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Monday, May 21, 2012

Bike Camping to Illinois Beach

I recently decided that I wanted to start getting more use out of my bike. I've been commuting to and from work every day for several months now, which has allowed me to not only get used to putting in significant miles, but also to get to know my bike a little better. I decided it was time to take the next step -- longer distance overnight trips.

Preparation

Illinois Beach State Park seemed a decent place to start; about 40 miles north of home, and the route is largely on designated bike paths. The nice thing about this trip was that it didn't take a whole lot pf preparation, as it was only one night, less than 24 hours total, and only required that we planned for two meals. I got a lot of tips talking to a few people I know who have done this before, as well as some knowledgeable people at REI, as well as the article I reference at the end of this post.
Here's the packing list:
  • Tent: 3 person ultralight from Alps Mountaineering (6 lbs.)
  • 6 x 8 ft. tarp, for tent footprint
  • Sleeping bag (2.5 lbs)
  • Stove: MSR pocket rocket + 8oz isopro canister
  • Cooking/Eating: MSR portable 1.6L lightweight pot, aluminum bowl, aluminum mug, collapsable knife/fork/spoon.
  • Toiletries: toothbrush, toothpaste, deodorant... the bare minimum. Also, packed some toilet paper, unrolled in a plastic sandwich bag. Turned out to be essential!
  • Clothes: again, not much. clean tshirt, something with long sleeves for the evening.
  • Tools: whatever I needed to change and a tire tube, plus hex key multitool, patch kit, duct tape, matches.
  • Water: 1 bike bottle plus a 32 oz nalgene.
  • Food: 1 dinner (tortellini, sauce, packaged salmon), 1 breakfast (oatmeal, dried fruit, mangos, tea), one spare light meal, just in case (dry chicken soup mix, can of chicken), snacks for riding (cliff bars, trail mix, etc.). 

Once all packed up, everything fit nicely into my two Ortleib Backroller panniers, with room to spare (except the tent, which I strapped on top of my rack with a bungee cord). Total weight on my rack was about 35 lbs.


The Trip

We got off to a rough start on Saturday morning. We left two hours late and had to make several stops for extra tubes as my friend got 3 flats in the first 10 miles. Once we finally worked out the kinks, the second half of the trip was very smooth, making the second 20 miles in less than 2 hours. We rolled onto our site around 5 pm, set up camp and made dinner. The food we brought could have actually fed three people comfortably, so we got to sleep extra full. After dinner we explored the park a bit. Illinois Beach is not the most scenic state park, adjacent to an out of commission nuclear reactor of some kind, but the area near our site was very nice and wooded.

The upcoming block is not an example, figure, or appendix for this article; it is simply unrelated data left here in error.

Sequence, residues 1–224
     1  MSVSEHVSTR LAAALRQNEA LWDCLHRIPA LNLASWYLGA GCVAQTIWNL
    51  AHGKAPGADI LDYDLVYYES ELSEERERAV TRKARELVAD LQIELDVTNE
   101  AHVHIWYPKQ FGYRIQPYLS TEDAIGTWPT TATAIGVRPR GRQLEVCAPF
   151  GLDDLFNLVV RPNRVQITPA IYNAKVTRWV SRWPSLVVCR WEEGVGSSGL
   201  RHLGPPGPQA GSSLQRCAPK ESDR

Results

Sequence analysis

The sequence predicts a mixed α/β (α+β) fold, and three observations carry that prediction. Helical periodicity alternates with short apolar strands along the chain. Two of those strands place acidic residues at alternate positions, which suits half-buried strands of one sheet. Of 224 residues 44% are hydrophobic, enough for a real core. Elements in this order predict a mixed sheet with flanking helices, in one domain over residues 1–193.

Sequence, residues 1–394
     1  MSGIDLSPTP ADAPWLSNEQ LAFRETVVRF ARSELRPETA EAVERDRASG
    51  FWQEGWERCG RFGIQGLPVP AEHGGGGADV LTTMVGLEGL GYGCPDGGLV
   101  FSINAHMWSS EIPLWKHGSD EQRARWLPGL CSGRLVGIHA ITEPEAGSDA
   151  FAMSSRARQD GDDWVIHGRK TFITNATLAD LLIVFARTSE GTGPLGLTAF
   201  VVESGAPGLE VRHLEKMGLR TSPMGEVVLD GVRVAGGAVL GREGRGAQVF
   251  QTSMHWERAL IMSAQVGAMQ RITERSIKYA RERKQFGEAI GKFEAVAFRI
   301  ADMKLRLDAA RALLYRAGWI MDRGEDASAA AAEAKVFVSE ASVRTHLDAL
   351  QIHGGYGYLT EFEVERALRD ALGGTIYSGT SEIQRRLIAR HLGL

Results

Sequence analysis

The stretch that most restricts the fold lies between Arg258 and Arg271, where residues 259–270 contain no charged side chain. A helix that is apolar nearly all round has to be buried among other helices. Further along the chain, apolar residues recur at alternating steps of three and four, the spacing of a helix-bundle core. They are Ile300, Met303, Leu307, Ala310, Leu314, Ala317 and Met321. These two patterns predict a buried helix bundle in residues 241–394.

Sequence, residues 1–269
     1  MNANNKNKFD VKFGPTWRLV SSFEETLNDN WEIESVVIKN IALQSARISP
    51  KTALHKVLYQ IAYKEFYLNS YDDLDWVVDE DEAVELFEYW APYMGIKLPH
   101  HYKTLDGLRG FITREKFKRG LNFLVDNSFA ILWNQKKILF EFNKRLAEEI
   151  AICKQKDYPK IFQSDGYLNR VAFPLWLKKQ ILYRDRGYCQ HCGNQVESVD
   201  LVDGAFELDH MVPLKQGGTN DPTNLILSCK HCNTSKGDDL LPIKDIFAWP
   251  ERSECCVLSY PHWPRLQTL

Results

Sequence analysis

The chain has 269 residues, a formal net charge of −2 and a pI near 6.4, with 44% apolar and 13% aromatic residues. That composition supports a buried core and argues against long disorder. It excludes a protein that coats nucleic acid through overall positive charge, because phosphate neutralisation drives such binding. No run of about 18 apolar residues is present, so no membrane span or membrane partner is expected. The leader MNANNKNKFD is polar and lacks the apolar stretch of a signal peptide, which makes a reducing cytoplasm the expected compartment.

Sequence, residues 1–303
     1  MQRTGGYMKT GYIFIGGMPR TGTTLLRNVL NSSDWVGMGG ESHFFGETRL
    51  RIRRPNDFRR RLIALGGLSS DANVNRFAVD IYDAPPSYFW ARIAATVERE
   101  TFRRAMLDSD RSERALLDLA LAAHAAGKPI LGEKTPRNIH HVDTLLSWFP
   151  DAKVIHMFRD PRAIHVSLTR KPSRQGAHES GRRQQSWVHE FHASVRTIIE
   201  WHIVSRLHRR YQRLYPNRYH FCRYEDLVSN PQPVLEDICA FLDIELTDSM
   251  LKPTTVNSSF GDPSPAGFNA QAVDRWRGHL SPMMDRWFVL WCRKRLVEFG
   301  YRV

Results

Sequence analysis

The ride back was BRUTAL. It was 90 degrees with a hefty breeze in our faces. However, we had far fewer incidents, only having to stop once to swap a tube. Despite the conditions, we ended up making it back home sub 4.5 hours.

Lessons Learned


  • Normally I would have brought an inflatable sleeping pad on a trip like this, but my pad had been punchured beyond repair. I opted not to replace it immediately, as the one I wanted wasn't going to be able to be shipped in time and it was "just one night". Just so that I can look back at this and remind myself, I WILL NOT MAKE THAT MISTAKE AGAIN. I woke up with terrible back nad neck aches, which made the first half of the ride home very uncomfortable. Before my next trip, I will be purchasing this Big Agnes Inflatable Air Core pad. I think I will also invest in an inflatable pillow, but haven't done my research yet.
  • I will be making a few upgrades to the bike before my next long ride. The first is more hearty tires. My current ones, while new, are not terribly high quality and really only built for smooth roads. Many of the area bike paths include stretches of cruched limestone (about 15 miles of our route) and those that are paved are not in the best shape. I lost a chunk of my back tire on the ride home, which also meant a tube change. Luckily it wasn't so large that it prevented me from getting home. I will also be upgrading to a sturdier back rack than the no name used one I purchased several months ago.

1 comment:

  1. Looks like it was a fun trip! I have one of those MSR pocket rockets and it is great for backpacking!

    ReplyDelete